Goodbye, HD component video

Posted on 18 February 2011 by Kevin Minke

Jim Willcox, the video expert at Consumer Reports, has released a farewell to our ability to get high-definition video via the analog component-video connections on Blu-ray players. This is due to Hollywood’s pirate-paranoia, that could leave up to 3 million law-abiding viewers with restricted choices or without the true HD option they paid for.

Hollywood studios now have the right to insert an ICT “flag” into a Blu-ray movie; if it detects that a player is using an analog connection that doesn’t support HDCP, it downconverts the video’s 1080p (1920 by 1080) native resolution to 960 by 540 (540p): better than DVD quality but only about one-quarter of full HD quality. This ensure that high-def video is available only through the copy-protected HDMI outputs.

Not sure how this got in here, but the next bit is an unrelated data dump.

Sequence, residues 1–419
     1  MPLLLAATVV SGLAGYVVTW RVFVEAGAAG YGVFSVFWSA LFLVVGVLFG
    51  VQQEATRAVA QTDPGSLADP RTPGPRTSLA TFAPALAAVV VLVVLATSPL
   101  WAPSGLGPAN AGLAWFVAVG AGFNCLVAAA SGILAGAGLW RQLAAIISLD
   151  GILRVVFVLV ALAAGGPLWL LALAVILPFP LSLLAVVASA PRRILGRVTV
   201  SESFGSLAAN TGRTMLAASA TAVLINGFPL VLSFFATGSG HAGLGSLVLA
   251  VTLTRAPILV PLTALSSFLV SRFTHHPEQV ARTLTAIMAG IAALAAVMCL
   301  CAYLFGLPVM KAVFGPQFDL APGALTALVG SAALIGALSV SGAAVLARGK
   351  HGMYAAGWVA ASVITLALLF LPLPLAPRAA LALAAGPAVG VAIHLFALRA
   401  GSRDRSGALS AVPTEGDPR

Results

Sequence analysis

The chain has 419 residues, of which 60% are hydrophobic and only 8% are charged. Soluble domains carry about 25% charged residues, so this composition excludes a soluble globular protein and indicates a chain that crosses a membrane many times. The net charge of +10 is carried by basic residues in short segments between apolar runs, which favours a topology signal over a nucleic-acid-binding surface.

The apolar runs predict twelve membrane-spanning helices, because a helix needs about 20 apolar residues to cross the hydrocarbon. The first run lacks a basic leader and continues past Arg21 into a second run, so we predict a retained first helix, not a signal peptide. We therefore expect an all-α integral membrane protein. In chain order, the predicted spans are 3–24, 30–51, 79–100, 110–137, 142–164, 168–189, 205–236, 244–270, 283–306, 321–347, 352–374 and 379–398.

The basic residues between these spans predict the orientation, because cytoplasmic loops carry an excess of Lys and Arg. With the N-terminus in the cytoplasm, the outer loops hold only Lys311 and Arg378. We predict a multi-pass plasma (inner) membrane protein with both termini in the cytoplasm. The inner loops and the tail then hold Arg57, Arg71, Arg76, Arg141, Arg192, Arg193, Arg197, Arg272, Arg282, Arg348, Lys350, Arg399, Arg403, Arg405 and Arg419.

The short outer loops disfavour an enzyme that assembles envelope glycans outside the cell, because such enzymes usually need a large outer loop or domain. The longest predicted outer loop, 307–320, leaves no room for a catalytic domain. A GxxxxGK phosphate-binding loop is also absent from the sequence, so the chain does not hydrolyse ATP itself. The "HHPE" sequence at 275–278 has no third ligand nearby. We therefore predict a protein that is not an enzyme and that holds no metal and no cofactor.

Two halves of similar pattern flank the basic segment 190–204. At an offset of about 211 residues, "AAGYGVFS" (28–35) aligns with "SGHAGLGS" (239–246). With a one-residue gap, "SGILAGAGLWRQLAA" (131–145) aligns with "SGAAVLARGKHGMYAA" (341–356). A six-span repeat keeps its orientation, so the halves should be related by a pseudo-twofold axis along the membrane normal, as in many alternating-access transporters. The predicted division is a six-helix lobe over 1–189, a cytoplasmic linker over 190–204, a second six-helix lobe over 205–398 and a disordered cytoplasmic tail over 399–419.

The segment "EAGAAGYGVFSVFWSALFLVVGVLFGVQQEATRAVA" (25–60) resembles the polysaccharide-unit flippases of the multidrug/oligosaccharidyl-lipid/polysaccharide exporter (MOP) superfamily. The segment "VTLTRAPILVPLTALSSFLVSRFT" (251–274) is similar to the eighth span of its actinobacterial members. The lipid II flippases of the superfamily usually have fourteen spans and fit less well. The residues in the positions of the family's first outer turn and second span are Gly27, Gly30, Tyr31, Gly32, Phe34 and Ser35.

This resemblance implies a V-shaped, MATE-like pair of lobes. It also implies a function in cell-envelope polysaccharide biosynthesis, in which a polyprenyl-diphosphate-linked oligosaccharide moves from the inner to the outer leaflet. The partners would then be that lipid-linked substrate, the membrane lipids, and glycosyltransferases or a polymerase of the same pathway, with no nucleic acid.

As of January 1st of this year, manufacturers have not been permitted to make new Blu-ray players with component-video jacks capable of outputting high-definition (HD) video; instead, video sent via the component outputs is limited to SD (standard definition, either 480i or 576i).

For me I’m said as I do use my HD video component cables on my system because it provides me with the best picture experience with my receiver system not liking the HDMI as much as it should. For most of us this isn’t a huge problem as we already use HDMI on our newer TV and Entertainment Systems but for those that have older TVs that do not have HDMI, or who connect their source components to a receiver that has only component-video outputs. In the end these steps, I feel, are only going to effect those who use their systems legally, as there will be ways to copy from HDMI easier soon enough. Please stop making it easier for consumers to justify getting pirated material by making it more and more expensive just to use the products we already own.

Follow the link below for the full article.

Source[Consumer Reports]

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